And while I wasn’t measuring my worth by marriage, it did hurt, sometimes, that just there were expectations for me to be those things simply because I did well in class. I wanted to be seen as a unique individual and not have my womanhood questioned in any way because of my performance. I guess this was the main challenge I faced being in engineering, in general, and not necessarily in electrical engineering. And by the way, this all happened in Ghana. Out here, I would say, I haven’t faced any exceptional challenges.
How have you been able to keep your head high during these intimidating situations?
Remember I told you I was inspired by my performance. At the end of my degree, I was the best graduating female student in my entire college. So that belief played a big role in helping me move forward. However, I believe the main source of help has been God. I’m thankful God put certain people in my life, like my family (particularly my dad), my fiancé, and some lecturers and friends; they were the affirming voice that cheered me on.
I will quickly add, also, that while doing well made some people ascribe stereotypical traits to me, it earned me the respect of many more, both guys and girls alike. This was a contributing force, and to these people, I say thank you. I also strongly believe God kept me from pride and complacency so that I never once thought I was one of the best students in the college until graduation! Perhaps if I’d known I was doing that well, I would have become complacent and not attained all that I did.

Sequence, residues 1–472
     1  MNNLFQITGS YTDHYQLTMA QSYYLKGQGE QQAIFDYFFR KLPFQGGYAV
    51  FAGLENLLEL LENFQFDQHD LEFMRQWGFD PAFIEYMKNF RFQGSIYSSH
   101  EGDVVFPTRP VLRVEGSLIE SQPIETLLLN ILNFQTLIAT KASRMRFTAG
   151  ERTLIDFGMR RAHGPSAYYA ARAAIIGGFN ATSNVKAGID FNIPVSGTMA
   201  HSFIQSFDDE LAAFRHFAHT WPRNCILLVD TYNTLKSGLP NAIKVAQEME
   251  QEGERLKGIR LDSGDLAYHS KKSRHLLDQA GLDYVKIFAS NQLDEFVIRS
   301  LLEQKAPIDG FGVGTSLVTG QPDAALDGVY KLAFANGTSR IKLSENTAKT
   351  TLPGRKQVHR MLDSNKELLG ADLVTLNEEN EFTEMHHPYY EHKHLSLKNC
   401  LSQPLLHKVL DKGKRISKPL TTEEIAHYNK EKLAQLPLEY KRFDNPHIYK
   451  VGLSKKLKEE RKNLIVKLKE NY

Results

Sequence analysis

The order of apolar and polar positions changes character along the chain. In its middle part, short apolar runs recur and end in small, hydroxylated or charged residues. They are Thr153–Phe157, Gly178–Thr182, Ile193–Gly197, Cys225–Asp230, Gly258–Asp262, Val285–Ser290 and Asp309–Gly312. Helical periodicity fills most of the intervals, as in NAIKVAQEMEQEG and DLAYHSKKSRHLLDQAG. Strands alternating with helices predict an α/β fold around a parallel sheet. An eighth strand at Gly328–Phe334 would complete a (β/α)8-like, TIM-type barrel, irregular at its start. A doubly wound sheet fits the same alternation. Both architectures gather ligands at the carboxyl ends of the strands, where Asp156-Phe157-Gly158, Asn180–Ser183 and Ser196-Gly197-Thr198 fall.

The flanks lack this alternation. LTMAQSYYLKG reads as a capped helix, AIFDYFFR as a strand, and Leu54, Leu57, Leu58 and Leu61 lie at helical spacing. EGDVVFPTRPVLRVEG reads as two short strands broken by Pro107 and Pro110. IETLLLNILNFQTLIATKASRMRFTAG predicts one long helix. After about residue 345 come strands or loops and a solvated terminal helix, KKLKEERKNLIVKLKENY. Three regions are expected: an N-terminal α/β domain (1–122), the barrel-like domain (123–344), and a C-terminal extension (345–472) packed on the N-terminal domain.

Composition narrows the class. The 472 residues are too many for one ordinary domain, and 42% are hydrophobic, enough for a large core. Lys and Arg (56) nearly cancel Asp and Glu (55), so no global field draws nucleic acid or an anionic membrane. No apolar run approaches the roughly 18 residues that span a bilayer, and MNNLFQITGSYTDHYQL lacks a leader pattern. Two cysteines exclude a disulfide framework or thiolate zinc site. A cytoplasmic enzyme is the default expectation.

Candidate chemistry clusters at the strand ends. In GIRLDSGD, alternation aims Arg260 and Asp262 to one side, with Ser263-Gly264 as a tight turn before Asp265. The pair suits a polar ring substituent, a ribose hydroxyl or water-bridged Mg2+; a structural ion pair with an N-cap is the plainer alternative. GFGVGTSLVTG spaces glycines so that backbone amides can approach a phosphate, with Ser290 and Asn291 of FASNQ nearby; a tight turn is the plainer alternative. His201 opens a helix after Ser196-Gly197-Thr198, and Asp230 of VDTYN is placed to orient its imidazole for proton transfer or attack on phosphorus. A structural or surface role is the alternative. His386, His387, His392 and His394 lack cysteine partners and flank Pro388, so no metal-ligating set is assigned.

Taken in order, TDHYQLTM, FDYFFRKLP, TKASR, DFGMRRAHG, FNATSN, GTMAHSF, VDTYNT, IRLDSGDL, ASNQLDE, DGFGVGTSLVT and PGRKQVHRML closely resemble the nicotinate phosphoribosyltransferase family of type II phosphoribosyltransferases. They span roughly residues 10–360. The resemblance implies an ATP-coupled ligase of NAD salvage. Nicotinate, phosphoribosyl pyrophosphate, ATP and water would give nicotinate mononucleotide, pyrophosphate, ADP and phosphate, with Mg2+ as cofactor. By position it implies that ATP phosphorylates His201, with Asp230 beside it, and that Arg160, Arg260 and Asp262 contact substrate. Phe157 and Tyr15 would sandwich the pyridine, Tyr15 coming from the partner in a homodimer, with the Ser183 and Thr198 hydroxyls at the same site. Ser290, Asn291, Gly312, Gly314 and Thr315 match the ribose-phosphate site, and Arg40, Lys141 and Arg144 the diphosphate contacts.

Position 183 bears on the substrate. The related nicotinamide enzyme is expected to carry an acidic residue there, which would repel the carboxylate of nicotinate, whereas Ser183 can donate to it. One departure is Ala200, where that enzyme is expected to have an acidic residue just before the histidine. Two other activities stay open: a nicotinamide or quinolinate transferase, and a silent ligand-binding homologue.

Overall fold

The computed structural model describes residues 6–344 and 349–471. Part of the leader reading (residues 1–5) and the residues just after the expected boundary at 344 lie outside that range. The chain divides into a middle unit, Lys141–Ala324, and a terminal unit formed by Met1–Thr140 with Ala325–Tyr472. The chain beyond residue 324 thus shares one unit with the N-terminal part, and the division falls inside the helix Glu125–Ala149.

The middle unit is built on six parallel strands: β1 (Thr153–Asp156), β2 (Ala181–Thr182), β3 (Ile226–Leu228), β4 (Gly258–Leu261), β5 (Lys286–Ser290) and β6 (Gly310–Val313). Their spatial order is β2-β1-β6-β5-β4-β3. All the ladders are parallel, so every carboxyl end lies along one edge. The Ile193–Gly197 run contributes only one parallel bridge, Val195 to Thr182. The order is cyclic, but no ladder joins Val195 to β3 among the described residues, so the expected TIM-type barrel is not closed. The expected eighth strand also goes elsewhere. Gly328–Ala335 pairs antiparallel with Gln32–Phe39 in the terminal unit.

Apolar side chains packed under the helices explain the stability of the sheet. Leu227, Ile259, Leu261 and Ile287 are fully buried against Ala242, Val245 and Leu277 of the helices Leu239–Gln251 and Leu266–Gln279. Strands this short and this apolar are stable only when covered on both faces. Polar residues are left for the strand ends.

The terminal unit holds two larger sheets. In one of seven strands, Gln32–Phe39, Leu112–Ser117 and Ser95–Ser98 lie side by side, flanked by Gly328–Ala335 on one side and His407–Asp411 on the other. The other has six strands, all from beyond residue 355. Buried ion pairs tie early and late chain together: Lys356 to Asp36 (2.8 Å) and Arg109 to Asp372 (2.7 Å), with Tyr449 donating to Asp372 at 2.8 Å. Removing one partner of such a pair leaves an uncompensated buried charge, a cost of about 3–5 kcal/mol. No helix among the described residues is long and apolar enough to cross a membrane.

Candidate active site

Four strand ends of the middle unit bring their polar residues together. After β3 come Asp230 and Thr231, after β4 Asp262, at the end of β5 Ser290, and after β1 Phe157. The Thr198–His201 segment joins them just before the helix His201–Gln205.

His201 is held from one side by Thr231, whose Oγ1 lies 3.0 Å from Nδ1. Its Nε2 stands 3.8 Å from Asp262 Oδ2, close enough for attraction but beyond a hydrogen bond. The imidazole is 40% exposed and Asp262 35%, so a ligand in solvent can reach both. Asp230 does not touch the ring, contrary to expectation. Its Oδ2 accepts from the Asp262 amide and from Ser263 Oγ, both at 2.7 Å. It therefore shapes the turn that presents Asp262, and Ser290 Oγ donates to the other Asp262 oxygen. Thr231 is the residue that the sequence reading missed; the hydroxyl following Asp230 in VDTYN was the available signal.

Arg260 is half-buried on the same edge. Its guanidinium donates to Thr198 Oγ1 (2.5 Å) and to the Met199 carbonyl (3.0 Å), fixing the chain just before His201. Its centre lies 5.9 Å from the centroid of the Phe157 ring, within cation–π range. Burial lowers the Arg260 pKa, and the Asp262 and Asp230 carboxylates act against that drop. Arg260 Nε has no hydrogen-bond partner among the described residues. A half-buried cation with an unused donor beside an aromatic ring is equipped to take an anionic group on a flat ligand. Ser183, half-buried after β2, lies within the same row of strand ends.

You are a very smart woman; tell us about moments where you have been recognised for achievements or awards
As I’ve been in school for many years, my awards have been school-related. In recent times, I received the Prasad Fellowship and the Pratt Fellowship at Virginia Tech. I also got both awards for excellent student and best student twice in a row, at KNUST, Ghana. The best student is one who is first in their class or faculty, and the excellent student award is given to one who gets above a certain average point in their studies. In addition, I was the second-best graduating student for the engineering college at KNUST and the best graduating student for the Electrical Engineering faculty.
I guess my greatest moment in life so far has been seeing the smile on my parents’ faces with each accomplishment. Both of my parents never had a degree. My father, in particular, was just a random person from the village with a vision and purpose. Them seeing me do what they had no opportunity to do and doing it well makes them very proud.